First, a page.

On August 27th, 2013, we saw the re-release of Final Fantasy XIV as Final Fantasy XIV: A Realm Reborn on both the PlayStation 3 and PC. And if you’ve ever had the chance to put the PS3 and PC versions of Final Fantasy XIV: A Realm Reborn side-by-side you’ll notice that the PC version looks significantly prettier – it has better lighting, better field of view, more NPCs and players are shown – if we’re honest the PS3 version didn’t really hold a candle to its Windows counterpart. While it was an impressive feat unto itself that Square Enix was able to get such a cutting edge game to run on eight year old hardware, the PlayStation 3 really didn’t do the game justice.
Fast-forward to November 2013, where the world saw the PlayStation 4 get into the hands of eager gamers. Based on AMDs Jaguar cores and made specially for Sony’s next-gen console – it begged the question: what would Final Fantasy XIV: A Realm Reborn be like on the new hardware?
According to Director/Producer Naoki Yoshida the PlayStation 4 was the console hardware destined to run FFXIV: ARR. Better field-of-view, lighting, water effects – it was a complete package that proved to deliver a gaming experience on par with PC platforms to those who prefer a couch and a controller. Yoshida-san can be seen talking about the PS4 and its advantages in the video below, which further showed his confidence in the look and feel of the game on Sony’s next-gen console.
There was some sense that the PlayStation 4 version of the game would be above and beyond what was released on the PlayStation 3. To prove it, we were invited to try it ourselves.
Gamer Escape and other media outlets were invited to Sony’s Headquarters in San Mateo, California for a hands on demo of the PlayStation 4 version of the game. After a short presentation by Yoshida-san, we were all ushered into a room with stations that had both a PlayStation 4 and a PlayStation Vita set up. We each sat down at a station, and the folks from Square Enix plopped a Dualshock 4 in our hands and said “Go!”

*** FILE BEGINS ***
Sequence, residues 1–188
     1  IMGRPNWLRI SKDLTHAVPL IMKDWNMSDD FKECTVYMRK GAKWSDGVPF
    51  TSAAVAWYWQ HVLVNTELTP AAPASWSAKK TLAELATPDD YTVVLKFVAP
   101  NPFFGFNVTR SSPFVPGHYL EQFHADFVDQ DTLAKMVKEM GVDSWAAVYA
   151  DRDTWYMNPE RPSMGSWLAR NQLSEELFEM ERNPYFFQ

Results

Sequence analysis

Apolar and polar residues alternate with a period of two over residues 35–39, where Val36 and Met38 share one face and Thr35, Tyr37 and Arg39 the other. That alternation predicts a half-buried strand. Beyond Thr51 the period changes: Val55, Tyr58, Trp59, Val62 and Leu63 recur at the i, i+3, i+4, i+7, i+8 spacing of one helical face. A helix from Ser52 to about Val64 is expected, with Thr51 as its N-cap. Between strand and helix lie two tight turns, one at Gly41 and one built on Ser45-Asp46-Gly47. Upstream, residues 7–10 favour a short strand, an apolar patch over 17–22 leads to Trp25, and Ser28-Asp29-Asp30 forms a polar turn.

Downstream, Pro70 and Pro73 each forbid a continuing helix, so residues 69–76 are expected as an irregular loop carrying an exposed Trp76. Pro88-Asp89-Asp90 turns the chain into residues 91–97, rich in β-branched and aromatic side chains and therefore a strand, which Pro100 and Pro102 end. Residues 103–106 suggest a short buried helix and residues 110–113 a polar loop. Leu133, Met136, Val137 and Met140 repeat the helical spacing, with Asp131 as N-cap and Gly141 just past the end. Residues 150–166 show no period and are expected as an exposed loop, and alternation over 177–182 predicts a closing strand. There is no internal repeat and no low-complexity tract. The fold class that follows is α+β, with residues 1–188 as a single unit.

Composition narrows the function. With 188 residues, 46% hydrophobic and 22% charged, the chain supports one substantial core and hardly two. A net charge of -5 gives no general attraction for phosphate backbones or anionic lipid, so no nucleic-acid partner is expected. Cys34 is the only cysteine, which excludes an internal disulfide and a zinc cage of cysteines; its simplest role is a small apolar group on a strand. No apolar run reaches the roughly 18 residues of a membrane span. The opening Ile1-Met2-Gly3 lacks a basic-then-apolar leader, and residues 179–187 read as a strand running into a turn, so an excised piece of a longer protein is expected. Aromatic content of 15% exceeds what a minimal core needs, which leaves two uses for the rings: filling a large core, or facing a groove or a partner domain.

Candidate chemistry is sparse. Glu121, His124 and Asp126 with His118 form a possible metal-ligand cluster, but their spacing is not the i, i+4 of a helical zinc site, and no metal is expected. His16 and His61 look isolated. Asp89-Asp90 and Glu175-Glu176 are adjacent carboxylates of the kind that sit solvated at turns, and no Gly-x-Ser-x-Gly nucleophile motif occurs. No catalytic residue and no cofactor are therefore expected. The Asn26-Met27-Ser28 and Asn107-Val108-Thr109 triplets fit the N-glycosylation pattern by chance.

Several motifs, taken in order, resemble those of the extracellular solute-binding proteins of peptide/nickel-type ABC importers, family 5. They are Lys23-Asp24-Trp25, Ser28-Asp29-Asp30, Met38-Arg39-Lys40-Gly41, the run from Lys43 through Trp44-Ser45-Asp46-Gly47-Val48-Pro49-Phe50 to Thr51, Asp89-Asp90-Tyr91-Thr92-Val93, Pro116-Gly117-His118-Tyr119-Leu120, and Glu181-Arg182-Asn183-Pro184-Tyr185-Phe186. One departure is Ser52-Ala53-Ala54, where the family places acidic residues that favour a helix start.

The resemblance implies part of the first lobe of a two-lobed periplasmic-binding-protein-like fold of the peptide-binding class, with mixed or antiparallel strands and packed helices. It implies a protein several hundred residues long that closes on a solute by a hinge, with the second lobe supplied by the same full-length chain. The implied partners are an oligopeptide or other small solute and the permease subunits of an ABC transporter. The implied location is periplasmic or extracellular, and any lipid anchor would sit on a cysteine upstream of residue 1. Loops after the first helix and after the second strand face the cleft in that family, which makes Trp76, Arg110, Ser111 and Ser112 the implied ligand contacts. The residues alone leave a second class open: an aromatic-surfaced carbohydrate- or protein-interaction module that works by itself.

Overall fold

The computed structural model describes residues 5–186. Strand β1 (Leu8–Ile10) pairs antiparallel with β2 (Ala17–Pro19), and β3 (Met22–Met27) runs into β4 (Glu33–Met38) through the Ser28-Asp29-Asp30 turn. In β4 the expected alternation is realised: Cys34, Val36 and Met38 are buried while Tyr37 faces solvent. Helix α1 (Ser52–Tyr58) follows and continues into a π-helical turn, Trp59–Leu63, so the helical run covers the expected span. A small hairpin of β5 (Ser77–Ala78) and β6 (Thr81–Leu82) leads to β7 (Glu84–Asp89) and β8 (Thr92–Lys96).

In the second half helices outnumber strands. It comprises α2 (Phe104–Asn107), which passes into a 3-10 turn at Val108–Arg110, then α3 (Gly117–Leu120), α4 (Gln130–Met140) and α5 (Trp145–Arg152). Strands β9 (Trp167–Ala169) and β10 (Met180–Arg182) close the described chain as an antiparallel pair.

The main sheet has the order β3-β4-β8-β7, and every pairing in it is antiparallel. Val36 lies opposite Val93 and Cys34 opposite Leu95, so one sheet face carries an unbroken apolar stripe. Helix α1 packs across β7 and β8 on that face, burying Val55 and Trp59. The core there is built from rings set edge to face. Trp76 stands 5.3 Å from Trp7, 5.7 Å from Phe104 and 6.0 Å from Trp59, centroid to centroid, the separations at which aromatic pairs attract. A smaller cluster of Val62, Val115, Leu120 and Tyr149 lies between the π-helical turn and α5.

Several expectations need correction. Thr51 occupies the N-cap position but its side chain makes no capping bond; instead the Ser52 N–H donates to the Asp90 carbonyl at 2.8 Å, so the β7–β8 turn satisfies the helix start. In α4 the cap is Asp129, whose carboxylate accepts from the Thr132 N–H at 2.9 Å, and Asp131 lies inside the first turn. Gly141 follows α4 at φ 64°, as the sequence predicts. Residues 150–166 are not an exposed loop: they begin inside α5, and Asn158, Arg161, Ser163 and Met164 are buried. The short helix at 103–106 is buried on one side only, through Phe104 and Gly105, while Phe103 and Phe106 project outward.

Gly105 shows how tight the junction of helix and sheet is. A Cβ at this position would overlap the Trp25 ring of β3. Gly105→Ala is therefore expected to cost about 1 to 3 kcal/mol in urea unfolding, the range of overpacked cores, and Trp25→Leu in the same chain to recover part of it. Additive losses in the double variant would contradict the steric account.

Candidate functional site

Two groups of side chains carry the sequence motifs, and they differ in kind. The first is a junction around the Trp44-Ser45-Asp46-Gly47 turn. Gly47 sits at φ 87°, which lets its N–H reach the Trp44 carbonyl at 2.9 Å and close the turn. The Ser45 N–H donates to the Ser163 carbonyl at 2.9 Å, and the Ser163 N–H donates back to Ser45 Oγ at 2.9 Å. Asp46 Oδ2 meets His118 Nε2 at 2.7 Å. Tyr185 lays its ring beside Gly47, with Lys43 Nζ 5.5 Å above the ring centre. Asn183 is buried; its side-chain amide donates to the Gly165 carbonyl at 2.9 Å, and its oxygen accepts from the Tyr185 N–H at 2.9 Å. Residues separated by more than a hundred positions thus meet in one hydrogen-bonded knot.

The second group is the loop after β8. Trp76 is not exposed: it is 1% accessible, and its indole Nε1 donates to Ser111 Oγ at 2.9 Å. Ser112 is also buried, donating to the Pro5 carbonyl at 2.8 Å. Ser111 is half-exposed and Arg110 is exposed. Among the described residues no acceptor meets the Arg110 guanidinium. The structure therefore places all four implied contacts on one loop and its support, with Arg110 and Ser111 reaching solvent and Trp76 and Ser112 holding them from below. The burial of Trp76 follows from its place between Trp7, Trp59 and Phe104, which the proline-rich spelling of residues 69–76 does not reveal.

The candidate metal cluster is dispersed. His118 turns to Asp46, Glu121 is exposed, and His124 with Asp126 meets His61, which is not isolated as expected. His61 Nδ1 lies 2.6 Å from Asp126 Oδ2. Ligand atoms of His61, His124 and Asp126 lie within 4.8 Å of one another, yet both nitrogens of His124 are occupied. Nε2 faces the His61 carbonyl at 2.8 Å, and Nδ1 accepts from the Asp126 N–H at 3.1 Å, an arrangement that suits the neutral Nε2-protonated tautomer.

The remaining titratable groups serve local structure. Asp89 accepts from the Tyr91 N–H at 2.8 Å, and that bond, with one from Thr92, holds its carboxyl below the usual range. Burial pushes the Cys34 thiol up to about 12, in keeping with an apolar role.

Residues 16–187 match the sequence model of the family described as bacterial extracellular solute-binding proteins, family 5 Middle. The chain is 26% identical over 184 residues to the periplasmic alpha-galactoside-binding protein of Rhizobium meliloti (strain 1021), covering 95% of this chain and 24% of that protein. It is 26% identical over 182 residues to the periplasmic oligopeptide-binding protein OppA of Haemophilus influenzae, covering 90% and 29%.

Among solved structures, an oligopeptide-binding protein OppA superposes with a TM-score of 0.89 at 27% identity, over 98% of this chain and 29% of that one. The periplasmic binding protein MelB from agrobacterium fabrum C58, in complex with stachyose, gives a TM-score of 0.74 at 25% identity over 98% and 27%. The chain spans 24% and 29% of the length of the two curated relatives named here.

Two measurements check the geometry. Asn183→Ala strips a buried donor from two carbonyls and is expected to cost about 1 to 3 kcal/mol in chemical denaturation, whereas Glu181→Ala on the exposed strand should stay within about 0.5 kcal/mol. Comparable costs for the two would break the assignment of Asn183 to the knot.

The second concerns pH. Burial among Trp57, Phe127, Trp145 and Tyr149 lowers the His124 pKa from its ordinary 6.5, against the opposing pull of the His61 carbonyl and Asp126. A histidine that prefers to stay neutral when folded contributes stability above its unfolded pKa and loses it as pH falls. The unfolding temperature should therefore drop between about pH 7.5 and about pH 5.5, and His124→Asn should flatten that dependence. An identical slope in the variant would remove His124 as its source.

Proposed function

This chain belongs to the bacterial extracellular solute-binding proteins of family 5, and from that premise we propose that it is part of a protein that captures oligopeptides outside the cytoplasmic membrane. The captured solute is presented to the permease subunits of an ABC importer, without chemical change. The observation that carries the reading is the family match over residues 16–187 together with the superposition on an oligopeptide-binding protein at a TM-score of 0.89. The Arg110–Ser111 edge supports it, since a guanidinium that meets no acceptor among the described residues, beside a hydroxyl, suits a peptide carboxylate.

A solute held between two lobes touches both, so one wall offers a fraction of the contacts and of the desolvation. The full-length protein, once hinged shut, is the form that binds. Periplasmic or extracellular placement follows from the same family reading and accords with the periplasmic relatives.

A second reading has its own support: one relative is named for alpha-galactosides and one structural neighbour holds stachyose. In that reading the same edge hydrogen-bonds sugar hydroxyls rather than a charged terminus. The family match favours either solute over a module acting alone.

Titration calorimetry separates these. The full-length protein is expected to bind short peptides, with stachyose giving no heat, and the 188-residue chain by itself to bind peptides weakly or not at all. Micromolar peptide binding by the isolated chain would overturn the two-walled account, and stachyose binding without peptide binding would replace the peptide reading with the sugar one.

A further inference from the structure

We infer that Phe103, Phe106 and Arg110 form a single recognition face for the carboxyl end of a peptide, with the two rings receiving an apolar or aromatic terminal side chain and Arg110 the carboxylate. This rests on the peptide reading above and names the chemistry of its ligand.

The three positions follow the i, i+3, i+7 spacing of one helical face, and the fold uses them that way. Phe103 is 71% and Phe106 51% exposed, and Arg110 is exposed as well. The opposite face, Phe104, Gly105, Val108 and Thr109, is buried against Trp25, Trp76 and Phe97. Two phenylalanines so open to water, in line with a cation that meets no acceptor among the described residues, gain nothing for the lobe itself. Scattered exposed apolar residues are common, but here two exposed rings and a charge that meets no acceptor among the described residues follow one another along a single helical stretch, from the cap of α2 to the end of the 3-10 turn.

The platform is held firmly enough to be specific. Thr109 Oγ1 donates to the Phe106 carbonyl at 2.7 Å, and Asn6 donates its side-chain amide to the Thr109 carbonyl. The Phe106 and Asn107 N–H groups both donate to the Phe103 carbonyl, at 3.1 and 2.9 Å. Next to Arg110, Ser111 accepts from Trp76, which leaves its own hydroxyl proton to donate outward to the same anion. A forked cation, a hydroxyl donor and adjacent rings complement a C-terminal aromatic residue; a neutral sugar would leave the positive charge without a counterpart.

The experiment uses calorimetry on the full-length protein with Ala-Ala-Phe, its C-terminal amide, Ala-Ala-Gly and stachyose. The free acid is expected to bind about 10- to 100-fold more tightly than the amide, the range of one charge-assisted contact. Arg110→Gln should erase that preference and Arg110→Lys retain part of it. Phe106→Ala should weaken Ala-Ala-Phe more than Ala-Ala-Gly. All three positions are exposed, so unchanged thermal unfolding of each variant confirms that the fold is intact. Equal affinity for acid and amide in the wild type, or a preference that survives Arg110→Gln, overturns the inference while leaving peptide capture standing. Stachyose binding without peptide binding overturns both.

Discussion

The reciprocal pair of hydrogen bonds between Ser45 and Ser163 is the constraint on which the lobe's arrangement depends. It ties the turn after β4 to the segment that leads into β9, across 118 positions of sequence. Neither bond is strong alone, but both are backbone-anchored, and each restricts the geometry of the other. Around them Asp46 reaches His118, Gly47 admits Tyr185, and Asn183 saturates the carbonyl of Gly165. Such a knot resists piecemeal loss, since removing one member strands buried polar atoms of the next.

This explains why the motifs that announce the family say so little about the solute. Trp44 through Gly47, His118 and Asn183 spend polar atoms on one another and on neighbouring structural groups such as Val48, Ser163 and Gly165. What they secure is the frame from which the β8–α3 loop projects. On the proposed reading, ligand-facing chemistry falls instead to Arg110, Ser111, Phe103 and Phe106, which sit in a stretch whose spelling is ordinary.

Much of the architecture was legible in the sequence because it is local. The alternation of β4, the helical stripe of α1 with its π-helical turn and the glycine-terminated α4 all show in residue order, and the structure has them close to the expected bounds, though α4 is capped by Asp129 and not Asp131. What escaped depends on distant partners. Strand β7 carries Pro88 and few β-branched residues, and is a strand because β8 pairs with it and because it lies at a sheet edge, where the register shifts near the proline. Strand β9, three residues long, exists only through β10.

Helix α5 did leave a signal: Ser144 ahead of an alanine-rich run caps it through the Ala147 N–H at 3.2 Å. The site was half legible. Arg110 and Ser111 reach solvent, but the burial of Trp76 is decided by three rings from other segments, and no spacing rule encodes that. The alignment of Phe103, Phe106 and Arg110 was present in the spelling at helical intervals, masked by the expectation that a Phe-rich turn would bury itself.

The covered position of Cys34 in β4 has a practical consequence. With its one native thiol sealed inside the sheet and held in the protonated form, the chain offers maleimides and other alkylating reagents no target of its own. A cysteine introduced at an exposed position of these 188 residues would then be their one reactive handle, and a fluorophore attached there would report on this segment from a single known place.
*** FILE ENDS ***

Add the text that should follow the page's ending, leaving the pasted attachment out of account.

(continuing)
We were given a pre-made character decked out with full Allagan gear and maxed on every class. We were logged in at Mor Dhona and I could immediately see the improvements that this version has over the PlayStation 3.
The PlayStation 4 version shows more characters on screen and has a better draw distance which provides a huge difference in terms of visual fidelity. While it doesn’t really compare to the highest settings on the PC version, I would say it certainly compares to the default settings for a standard desktop PC.
Unfortunately, I wasn’t able to really test the limits of these improvements with, say, a Behemoth fight since we were on a test server with only eight other players. The best thing I could do was head over to the nearest F.A.T.E. The game ran smooth at 1080p and didn’t appear to go below 30 FPS. In fact, I found that most of the time, the game was running at 60 FPS, which was a welcome surprise.
As a PC player myself, I couldn’t really see a difference in the graphics between my set up at home and the PlayStation 4 version- and that’s a very good thing for those out there that can’t afford a high end gaming machine and and/or prefer to game on consoles.
Controls and Gameplay
As you can probably guess, the FFXIV team went all out on this console version, incorporating every feature on the Dualshock 4. That includes the touchpad and the share button. The touchpad controls a mouse cursor that can be clicked with a soft double tap. Pressing the touchpad down serves as the same purpose as Select on the PS3 version. Full mouse functionality is included with the PS4 version, so you can use the Dualshock 4 touchpad as a mouse to click and drag UI elements around, use abilities, and target your Black Mage Limit Break or Flaming Arrow. While not incredibly useful, it does have its place. Moving your UI around without a keyboard or mouse is a boon for those who don’t have the extra hardware for their console.